DAY 147:

The Main Challenge

Allocate numerical values to the following fifteen letters in the English alphabet:

E=3  F=9  G=6  H=1  I=4  L=0  N=5  O=7  R=6  S=1  T=2  U=8  V=3  W=7  X=11

You’ll see that O+N+E=1 and T+W+O=2 and so on, but what is the biggest number it will make before it stops working?  An amazing number trick; a must for you and your kids to try!

The 7puzzle Challenge

The playing board of the 7puzzle game is a 7-by-7 grid containing 49 different numbers, ranging from up to 84.

The 2nd & 6th rows of the playing board contain the following fourteen numbers:

5   8   12   17   18   20   28   33   48   49   55   56   63   64

Which number, when halved, is also on the list?

The Lagrange Challenge

Lagrange’s Four-Square Theorem states that every integer can be made by adding up to four square numbers.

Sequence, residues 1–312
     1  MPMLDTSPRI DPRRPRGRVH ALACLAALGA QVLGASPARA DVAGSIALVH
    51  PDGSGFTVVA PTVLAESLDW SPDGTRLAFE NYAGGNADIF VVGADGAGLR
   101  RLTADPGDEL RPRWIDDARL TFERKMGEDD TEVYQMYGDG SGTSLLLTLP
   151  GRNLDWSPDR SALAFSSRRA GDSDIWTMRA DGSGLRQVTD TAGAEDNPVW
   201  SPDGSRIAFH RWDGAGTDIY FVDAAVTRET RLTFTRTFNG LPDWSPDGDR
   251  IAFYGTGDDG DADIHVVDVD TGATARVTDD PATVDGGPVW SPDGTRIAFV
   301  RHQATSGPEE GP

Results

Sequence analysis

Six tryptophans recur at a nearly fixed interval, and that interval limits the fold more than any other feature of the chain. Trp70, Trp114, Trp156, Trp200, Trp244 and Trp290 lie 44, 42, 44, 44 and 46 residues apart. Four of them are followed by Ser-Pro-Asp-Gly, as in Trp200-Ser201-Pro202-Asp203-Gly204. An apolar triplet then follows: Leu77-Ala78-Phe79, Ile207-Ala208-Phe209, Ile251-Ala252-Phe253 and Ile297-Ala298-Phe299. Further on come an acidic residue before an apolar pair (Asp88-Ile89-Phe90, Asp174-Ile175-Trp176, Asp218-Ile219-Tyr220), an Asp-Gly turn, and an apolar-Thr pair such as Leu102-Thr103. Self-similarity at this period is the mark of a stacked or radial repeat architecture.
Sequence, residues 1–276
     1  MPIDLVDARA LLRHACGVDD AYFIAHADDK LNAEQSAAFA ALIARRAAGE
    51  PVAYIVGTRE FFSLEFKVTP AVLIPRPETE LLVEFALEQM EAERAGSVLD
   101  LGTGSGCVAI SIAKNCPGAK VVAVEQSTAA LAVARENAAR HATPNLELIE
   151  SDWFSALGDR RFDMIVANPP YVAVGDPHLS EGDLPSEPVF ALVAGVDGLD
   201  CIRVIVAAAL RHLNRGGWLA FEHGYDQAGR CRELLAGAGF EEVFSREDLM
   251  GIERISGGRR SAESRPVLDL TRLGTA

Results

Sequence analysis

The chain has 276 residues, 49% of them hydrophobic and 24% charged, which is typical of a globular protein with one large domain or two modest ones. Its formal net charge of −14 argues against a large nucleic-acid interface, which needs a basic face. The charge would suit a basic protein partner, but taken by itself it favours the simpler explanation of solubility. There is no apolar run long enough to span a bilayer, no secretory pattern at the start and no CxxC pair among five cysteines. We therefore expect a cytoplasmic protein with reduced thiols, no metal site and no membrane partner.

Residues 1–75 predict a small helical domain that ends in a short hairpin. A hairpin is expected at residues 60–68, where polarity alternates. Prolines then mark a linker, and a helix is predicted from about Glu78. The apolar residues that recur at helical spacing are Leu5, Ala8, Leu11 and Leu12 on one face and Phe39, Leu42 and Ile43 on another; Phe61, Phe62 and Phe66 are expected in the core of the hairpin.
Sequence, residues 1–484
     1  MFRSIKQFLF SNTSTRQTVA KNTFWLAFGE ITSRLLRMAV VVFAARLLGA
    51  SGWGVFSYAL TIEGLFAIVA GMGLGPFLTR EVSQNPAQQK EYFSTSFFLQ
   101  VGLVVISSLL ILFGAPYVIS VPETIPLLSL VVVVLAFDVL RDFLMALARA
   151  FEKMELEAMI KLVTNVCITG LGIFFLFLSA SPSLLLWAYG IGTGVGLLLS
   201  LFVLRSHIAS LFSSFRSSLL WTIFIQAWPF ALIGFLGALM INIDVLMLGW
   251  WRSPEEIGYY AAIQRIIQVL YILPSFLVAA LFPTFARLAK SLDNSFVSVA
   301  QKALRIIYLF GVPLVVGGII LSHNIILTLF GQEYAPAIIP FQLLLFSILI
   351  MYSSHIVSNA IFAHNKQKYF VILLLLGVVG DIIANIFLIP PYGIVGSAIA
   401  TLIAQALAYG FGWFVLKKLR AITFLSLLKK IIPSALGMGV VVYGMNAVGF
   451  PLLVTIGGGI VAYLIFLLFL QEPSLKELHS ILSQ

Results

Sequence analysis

For example, 7 can be made by 2²+1²+1²+1² (4+1+1+1).

Show how you can make 147, in SEVEN different ways, when using Lagrange’s Theorem.

The Mathematically Possible Challenge

Based on our best-selling arithmetic board game.

Using the three digits 2, 6 and 9 once each, with + – × ÷ available, which is the ONLY number it’s possible to make from the list below?

10    20    30    40    50    60    70    80    90    100

#10TimesTable

The Target Challenge

Can you arrive at 147 by inserting 2, 4, 7 and 10 into the gaps on each line?

  •  ◯²×(◯+◯)÷◯ = 147
  •  (◯+◯)²+◯–◯ = 147
  •  ◯²+◯²+◯–◯ = 147

Answers can be found here.

Click Paul Godding for details of online maths tuition.

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